“So, what does a conductor do, anyway?” a colleague asked me at the conclusion of this show. After two hours of David Katz delivering a heartfelt, schizophrenic performance as both conducting teacher and student (Katz himself, the playwright, performer and a conductor in real life), plenty of insight was given into how a great teacher can inspire students to go beyond themselves and how such a teacher stays in our consciousness as a living, breathing presence long after he or she is gone, but this is a work that remains far too inside its own world for its own good. If you know classical music, there are plenty of personalities and pieces that you will recognize here—though ironically, the piece’s inspiration, conducting teacher Charles Bruck, is not likely to be one of them—but using canned orchestral music as a backdrop to rehearsals of would-be conducting sessions is problematic on two levels: first, the music itself inevitably competes (I found myself lost in the glories of Wagner’s “Siegfried’s Rhine Journey” and ignoring Katz’s distracting yelling over the score, which had the effect of Marcel Duchamp putting a moustache on the “Mona Lisa”) and, second, a recording is a static entity that cannot stop or start nor adjust itself the way a real orchestra would. This leaves audience members with the idea that a conductor follows music, when the reality is that a conductor generates music in every aspect, the same way that a director of a play, for instance, makes every interpretative decision. Without a conductor sculpting sound, you have dots and directions on paper and instruments as raw as, say, tubes of unmixed paint before an artist mixes them on a palette. Thus, I’m conflicted. I like this show and find it enormously entertaining, but wonder if that’s because I have spent much of my professional life around great conductors, though I also suspect that anyone who has had a great teacher in any subject would find this a worthwhile experience. And I do think that Katz is on his way to something very special here, but at this point, this feels more like what an orchestra would call an initial “run through.” (Dennis Polkow)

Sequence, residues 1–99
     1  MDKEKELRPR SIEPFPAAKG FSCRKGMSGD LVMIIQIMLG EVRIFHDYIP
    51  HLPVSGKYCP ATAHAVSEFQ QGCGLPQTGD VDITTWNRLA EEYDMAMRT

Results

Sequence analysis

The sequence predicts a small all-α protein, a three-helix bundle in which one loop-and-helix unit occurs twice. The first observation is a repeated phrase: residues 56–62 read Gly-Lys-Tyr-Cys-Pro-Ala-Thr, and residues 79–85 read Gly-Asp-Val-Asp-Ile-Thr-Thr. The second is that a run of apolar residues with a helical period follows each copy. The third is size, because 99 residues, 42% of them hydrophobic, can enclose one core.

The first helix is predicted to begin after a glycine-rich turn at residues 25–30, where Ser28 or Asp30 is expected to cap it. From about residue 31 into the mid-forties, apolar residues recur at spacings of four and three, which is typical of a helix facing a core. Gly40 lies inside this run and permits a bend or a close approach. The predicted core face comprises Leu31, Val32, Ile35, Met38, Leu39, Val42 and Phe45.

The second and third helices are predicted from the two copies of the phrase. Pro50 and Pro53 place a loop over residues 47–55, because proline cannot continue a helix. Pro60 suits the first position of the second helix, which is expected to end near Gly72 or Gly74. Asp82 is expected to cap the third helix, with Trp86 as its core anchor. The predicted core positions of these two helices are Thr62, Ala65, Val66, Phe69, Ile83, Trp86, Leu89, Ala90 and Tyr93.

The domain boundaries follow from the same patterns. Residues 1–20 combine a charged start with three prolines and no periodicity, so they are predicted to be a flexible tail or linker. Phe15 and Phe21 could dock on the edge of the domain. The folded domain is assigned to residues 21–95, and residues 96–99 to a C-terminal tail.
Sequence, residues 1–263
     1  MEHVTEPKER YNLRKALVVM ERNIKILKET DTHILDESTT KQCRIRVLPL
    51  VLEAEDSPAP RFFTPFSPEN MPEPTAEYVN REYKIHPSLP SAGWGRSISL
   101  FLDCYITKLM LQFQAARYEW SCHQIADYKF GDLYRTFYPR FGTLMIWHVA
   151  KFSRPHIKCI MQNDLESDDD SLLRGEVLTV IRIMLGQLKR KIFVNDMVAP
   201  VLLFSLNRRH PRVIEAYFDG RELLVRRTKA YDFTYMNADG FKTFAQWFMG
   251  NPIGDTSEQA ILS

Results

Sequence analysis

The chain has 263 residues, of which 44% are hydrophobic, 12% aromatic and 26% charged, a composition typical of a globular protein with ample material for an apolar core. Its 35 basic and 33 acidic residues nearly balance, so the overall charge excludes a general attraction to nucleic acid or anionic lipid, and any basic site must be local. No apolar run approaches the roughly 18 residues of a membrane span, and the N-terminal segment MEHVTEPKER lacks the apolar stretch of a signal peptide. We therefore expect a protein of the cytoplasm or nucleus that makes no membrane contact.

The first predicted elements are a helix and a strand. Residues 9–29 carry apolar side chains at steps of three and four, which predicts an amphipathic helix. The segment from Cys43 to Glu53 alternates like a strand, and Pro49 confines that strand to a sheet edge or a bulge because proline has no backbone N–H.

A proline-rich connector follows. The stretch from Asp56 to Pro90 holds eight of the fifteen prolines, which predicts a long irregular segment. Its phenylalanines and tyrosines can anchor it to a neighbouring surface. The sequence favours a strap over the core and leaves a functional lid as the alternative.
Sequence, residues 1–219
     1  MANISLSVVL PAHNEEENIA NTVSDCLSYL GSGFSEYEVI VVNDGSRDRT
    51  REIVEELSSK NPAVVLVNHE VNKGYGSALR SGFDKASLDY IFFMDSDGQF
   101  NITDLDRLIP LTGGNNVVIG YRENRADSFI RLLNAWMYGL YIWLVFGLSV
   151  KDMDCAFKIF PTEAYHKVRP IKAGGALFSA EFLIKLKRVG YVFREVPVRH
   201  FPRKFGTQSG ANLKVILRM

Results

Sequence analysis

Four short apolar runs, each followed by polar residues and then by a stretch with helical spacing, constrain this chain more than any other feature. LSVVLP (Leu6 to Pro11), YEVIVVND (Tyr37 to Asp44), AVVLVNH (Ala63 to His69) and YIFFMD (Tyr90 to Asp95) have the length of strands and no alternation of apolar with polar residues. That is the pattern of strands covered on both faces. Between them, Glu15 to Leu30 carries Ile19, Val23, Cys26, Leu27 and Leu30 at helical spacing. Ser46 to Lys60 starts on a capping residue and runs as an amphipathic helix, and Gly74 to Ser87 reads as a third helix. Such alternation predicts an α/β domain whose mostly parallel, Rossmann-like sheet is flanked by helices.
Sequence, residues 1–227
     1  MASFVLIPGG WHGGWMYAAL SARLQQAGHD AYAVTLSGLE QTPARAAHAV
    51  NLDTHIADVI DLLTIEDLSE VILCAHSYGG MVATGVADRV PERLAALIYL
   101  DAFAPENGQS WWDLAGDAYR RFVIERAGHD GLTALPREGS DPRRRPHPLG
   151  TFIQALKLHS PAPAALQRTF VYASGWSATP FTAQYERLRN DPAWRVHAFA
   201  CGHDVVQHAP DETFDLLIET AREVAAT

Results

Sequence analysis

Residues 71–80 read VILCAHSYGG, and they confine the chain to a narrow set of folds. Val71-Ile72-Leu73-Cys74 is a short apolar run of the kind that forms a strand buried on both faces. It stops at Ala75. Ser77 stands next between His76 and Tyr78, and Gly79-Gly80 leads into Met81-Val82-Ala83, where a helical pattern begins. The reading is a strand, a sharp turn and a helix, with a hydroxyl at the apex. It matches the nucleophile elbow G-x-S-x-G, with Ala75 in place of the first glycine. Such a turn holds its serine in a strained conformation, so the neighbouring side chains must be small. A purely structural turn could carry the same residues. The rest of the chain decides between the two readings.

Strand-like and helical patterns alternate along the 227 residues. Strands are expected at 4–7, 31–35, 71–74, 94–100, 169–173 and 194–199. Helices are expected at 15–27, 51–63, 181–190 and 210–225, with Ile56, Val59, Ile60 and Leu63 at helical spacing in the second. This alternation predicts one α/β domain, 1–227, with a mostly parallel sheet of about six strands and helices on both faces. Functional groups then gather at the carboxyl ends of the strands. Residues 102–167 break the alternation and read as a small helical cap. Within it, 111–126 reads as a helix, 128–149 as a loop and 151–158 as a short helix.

At the Theatre Building, 1225 W. Belmont, (773)327-5252. This production is now closed.